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Curious Lore of Precious Stones - notes, part 2

Updated: Aug 20, 2021

This is a continuation of Curious Lore of Precious Stones - notes, part 1, which covered chapters one through four. The book can be read here.

None of this is a replacement for professional medical or psychological advice. Don't put strange rocks in your mouth.

This section is about stones that are thought to carry especially ill omens. It starts with opals, explaining that many people think they are unlucky.

A diamond would bring death to anyone who swallowed it. Specifically, putting one in your mouth would fracture your teeth, and swallowing one would rupture your intestines. Not sure how many times I'll need to say this, but don't put rocks in your mouth. Diamond dust was used as an attempt at poisoning food.

In India, the natural shape of the diamond would suggest its qualities. A triangular stone was said to cause quarrels, a square diamond inspired the wearer with vague terrors; a five-cornered stone had the worst effect of all, for it brought death; only the six-cornered diamond was productive of good.

Emeralds were thought to blind snakes.

Color changes in various stones are thought to be a bad omen. It could be that a lover is being unfaithful (diamond) or that some illness or accident will happen to the owner or the owner's loved ones (ruby and others).

Regarding the onyx, Aristotle said: Those who are in the land of China fear this stone so much that they dread to go into the mines where it occurs; hence none but slaves and menials, who have no other means of gaining a livelihood, take the stone from the mines. When it has been extracted, it is carried out of the country and sold in other lands. Those men of the Magreb also who are gifted with any wisdom will not wear an onyx or place it in their treasuries. Indeed, no one is willing to wear it, unless he be bereft of his senses; for whosoever wears it, either set in a ring or in any other way, will have fearful dreams and be tormented by a multitude of doubts and apprehensions; he will also have many disputes and lawsuits. Lastly, whoever keeps an onyx in his house, or places it in a vessel, or puts it in food or drink, will suffer loss of energy and capacity.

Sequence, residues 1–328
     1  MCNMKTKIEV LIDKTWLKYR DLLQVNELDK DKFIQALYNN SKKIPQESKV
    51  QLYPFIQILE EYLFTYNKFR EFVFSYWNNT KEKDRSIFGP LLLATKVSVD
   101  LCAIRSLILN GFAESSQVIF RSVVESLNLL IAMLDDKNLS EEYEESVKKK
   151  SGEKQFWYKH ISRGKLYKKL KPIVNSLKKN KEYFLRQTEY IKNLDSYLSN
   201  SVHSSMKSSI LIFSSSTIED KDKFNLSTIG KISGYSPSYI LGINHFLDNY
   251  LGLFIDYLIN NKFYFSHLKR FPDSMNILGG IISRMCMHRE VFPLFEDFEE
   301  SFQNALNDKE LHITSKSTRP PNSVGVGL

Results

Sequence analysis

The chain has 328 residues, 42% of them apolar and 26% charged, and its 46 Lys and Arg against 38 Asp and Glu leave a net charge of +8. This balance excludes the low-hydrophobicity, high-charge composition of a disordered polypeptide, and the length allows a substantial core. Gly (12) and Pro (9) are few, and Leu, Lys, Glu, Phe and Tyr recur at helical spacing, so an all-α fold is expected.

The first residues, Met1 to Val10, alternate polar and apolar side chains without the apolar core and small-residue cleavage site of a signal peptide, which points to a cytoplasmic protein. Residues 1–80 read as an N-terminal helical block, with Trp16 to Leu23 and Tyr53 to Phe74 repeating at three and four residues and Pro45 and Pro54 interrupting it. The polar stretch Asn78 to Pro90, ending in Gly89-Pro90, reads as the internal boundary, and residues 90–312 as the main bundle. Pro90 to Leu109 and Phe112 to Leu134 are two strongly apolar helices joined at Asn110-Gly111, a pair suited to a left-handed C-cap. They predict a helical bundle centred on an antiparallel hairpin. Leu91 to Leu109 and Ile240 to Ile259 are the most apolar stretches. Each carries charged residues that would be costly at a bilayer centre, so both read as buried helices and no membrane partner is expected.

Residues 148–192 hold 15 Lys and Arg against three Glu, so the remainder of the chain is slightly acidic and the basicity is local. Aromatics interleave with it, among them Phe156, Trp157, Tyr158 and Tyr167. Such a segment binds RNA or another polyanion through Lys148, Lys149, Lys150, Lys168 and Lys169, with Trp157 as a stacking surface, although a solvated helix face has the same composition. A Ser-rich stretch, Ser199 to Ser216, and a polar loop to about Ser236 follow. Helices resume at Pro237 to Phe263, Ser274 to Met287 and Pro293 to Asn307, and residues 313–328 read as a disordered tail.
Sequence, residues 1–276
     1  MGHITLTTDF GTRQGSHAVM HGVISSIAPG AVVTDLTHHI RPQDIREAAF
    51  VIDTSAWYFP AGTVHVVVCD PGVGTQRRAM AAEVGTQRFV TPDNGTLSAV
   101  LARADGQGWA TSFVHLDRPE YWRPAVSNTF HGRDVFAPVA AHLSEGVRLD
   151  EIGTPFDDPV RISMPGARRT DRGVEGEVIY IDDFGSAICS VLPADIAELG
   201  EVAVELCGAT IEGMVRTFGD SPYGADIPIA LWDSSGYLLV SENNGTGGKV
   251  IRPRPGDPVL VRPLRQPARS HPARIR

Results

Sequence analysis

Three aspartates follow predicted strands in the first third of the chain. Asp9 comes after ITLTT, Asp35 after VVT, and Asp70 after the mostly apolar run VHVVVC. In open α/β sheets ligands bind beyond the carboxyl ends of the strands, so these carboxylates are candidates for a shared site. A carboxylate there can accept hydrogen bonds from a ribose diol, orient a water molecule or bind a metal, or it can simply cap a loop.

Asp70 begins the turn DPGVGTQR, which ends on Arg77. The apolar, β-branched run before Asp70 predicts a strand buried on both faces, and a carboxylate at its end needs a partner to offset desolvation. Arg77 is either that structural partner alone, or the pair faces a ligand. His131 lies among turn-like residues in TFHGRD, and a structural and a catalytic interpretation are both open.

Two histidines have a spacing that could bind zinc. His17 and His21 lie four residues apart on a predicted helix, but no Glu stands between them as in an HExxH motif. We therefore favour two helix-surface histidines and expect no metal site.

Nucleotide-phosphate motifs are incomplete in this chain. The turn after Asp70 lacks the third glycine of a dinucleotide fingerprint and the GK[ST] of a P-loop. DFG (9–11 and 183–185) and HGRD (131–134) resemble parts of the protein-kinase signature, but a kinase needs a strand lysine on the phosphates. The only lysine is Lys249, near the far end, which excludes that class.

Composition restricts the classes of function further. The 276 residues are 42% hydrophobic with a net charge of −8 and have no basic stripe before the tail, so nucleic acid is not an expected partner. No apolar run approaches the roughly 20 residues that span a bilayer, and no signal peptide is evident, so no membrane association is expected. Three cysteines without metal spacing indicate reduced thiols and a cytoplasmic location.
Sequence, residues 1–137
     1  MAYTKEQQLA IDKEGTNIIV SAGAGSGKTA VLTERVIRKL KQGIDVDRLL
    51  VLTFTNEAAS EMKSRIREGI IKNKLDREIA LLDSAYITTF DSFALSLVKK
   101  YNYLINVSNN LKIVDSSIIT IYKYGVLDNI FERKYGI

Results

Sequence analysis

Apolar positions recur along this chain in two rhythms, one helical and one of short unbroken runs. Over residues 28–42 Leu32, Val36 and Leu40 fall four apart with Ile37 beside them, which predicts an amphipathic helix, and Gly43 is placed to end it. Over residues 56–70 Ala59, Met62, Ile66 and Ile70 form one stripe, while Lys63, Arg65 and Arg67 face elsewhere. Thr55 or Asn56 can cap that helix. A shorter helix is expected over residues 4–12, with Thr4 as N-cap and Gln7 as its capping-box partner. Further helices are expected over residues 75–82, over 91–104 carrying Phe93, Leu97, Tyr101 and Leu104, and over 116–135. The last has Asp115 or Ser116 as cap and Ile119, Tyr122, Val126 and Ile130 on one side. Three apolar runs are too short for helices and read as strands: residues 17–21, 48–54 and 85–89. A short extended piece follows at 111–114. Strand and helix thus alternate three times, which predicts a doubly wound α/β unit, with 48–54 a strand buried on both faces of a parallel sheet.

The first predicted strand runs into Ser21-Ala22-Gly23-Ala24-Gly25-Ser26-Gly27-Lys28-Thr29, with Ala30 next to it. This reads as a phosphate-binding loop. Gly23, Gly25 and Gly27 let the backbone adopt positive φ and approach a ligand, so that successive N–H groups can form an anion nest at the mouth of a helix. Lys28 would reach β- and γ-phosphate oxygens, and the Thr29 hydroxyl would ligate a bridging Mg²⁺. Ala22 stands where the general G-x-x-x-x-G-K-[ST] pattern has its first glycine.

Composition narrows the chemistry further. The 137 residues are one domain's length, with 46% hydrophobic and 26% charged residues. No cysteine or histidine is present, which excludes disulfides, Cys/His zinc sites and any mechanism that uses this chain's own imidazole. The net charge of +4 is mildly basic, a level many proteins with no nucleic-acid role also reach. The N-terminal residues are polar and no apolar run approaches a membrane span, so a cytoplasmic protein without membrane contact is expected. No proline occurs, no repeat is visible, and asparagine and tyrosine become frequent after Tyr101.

Red coral, if worn directly on the skin, would become pale when the wearer was ill or poisoned.

Rubies were thought to be formed when lightning struck a place, due to their brilliant red color (lightning being "fire from heaven.")

Many luminous stones are brought up from legends, but the exact types of stones are not named. Glowing stones have been symbols of divinity, gratitude, and other such positive qualities. While the types of stones are not stated, we do know now that some stones are luminescent and phosphorescent. Rubies do seem to be mentioned often in this regard, but it's uncertain if even these stones were actually rubies.